A drive through history

The Hemken Collection antique auto museum in Williams is set to begin its 13th season on Friday, May 2, announced Ann Hemken.

The museum will be open from 1-5 p.m., said Hemken. Regular operating hours will be on Wednesdays and Fridays from 1-5 p.m. and at other times by special appointment.

The auto museum opened at its Williams’ Main Street location in 2002 and features 65 unrestored automobiles, most from the 1950s. The cars were collected by Daryl and Ann Hemken over a period of almost 50 years.

The oldest car in the collection – a 1914 Model T Roadster – was also Daryl Hemken’s very first acquisition. He had a fondness for convertibles and collected all the American marques from 1947 to 1948, explained Ann.

Ann Hemken shared her husband’s passion for automobiles and after his passing in 2005, she and her family have continued to keep his dream alive.

Today the names of some car brands on display at the Hemken Collection may sound unfamiliar. The reason is that in the early days of manufacturing, there were several hundred auto makers in America as opposed to only 14 car companies in existence today, explained Ann.

Today, the collection includes older brands known as Orphan Cars which are autos that are no longer manufactured. Some of those cars include Packards, Studebakers, Hudsons and Nashes. In addition, the museum houses a 1919 Stutz touring Phaeton made in Indianapolis, IN and was the company’s contribution to race cars, said Hemken.

A 1948 Playboy convertible is a treasured addition to the collection, said Ann Hemken. The museum’s roadster was #79 of the 97 autos manufactured in Buffalo, NY. With a retractable hardtop, it is very rare and one of only 35 still in existence, said Hemken.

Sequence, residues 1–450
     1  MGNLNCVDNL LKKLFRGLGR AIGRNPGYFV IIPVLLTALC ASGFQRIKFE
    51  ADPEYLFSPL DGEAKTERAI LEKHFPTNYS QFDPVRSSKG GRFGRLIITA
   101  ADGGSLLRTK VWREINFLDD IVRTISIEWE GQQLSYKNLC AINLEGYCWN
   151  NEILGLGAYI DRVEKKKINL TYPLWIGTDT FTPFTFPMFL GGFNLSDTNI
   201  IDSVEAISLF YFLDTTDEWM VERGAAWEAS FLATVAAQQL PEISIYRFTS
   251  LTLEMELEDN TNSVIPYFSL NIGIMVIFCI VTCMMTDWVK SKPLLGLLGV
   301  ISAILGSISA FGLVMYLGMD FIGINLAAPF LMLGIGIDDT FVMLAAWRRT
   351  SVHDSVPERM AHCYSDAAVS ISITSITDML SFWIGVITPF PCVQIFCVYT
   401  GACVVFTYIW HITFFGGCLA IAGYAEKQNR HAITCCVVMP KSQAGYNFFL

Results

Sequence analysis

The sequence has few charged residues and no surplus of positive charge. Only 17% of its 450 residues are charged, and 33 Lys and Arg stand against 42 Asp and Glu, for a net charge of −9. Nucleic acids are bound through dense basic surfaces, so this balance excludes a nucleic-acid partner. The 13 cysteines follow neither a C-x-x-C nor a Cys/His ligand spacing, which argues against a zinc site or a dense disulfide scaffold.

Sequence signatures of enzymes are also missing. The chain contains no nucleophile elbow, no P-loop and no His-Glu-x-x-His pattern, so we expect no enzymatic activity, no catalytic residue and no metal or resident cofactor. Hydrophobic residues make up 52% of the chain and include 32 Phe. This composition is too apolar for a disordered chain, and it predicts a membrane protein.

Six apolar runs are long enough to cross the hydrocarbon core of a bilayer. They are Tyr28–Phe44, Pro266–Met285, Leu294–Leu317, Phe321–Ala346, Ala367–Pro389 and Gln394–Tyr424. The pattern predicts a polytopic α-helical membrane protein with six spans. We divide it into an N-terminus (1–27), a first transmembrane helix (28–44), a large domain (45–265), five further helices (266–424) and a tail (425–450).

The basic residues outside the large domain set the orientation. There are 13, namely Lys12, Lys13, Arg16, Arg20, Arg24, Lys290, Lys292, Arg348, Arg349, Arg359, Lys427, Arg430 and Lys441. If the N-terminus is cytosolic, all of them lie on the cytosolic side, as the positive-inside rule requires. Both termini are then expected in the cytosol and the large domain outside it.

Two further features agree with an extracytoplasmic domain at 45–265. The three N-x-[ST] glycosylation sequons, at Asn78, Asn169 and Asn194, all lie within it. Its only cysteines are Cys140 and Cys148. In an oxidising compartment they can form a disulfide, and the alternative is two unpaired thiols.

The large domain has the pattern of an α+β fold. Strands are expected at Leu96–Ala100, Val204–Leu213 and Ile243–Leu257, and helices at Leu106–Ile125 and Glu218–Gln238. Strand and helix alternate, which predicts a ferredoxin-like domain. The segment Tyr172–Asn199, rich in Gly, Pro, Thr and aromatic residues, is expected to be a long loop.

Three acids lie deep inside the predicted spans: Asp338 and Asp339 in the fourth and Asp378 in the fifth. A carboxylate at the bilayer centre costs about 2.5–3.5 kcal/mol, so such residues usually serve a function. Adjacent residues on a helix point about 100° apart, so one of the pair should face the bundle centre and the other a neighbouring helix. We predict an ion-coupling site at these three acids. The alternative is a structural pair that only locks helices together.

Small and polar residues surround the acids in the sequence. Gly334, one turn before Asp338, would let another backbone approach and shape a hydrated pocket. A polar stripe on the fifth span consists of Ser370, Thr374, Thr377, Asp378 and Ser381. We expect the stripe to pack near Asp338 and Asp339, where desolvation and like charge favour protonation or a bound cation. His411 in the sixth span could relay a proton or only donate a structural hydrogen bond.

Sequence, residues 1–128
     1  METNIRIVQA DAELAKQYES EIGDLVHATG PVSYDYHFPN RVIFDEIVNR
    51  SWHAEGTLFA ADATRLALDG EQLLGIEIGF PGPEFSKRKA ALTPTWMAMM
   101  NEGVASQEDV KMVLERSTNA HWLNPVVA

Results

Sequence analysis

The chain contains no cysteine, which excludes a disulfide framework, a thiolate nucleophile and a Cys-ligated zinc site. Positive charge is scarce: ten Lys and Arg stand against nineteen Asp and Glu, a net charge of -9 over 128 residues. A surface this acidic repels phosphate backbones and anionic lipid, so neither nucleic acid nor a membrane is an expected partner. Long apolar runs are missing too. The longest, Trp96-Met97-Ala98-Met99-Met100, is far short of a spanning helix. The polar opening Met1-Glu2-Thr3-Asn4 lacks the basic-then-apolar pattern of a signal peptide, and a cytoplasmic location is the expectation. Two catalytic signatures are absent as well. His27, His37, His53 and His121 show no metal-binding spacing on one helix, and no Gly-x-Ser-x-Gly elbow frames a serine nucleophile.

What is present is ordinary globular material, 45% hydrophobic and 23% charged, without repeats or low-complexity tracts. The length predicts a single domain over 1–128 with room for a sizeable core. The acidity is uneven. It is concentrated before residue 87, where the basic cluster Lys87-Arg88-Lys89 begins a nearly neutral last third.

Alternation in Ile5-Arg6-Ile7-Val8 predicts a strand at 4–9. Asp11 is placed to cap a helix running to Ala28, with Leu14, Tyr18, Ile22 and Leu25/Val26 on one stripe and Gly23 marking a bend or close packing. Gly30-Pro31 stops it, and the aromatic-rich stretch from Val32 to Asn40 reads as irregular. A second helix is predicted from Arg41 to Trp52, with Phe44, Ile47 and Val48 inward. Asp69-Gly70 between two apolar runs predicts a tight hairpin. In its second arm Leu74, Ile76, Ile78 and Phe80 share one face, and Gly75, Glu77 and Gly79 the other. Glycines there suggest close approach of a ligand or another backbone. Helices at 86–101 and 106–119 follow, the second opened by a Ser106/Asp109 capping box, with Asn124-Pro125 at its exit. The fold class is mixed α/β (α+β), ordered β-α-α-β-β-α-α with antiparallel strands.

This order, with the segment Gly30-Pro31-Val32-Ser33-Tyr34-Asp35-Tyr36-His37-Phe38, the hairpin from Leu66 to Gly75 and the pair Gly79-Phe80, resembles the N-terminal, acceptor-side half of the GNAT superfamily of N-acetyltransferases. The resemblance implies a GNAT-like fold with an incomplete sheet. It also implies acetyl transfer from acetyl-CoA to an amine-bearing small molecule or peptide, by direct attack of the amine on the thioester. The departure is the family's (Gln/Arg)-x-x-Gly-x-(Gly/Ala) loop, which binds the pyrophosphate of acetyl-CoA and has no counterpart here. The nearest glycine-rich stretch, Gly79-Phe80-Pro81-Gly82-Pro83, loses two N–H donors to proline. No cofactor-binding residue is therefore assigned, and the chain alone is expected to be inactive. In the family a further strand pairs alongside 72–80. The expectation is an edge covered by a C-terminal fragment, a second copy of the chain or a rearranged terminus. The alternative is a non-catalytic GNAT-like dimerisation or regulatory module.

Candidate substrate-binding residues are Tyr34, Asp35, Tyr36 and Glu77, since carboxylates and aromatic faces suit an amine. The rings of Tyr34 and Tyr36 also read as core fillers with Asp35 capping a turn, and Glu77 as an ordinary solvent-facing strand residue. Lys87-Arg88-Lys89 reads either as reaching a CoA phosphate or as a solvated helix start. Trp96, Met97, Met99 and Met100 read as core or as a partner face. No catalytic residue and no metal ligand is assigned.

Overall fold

Most of the museum’s first floor houses the functional autos which are driven to area celebrations and holiday events during the summer, said Hemken.

In anticipation of the museum’s 13th season, ten members of the North Iowa Association for the Preservation and Restoration of Antique Autos joined Hemken last week for some specialized housekeeping.

The volunteers wiped down the interior of the cars and brought the sparkle back to windshields, inside and out. They polished chrome, bringing it back to its original luster – and on these cars, that is no small task as chrome was an intricate part of the vehicle’s design. Finally, the massive auto bodies were dusted, said Hemken.

To mark the 51st year of the Hemken Collection, free pie and coffee will be served on opening day, said Hemken.

For more information, visit www.the-hemken-collection.org.